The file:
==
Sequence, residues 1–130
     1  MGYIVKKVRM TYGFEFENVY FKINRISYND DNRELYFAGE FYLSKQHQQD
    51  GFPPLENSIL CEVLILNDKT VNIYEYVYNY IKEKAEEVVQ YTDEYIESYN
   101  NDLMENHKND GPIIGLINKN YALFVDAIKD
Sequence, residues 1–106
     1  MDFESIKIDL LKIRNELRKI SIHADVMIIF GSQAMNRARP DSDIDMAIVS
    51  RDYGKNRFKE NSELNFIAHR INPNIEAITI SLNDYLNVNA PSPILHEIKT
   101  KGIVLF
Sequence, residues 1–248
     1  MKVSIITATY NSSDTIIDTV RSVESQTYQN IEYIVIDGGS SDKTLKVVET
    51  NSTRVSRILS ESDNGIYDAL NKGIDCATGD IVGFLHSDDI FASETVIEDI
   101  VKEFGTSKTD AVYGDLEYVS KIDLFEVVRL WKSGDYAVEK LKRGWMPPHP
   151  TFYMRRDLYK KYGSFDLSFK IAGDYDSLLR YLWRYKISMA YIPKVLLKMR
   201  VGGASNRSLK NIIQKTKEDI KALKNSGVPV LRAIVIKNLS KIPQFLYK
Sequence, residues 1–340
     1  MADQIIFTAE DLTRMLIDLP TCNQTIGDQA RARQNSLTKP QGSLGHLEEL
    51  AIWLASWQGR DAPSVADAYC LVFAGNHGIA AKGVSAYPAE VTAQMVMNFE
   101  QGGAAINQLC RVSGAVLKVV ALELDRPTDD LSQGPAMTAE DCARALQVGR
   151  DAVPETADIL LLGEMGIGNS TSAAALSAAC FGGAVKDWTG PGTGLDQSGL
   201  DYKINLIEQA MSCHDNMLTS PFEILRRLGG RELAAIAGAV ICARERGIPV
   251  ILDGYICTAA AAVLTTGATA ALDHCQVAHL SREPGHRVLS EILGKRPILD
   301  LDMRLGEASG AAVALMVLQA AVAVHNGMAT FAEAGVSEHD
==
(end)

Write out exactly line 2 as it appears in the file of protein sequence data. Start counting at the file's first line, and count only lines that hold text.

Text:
     1  MGYIVKKVRM TYGFEFENVY FKINRISYND DNRELYFAGE FYLSKQHQQD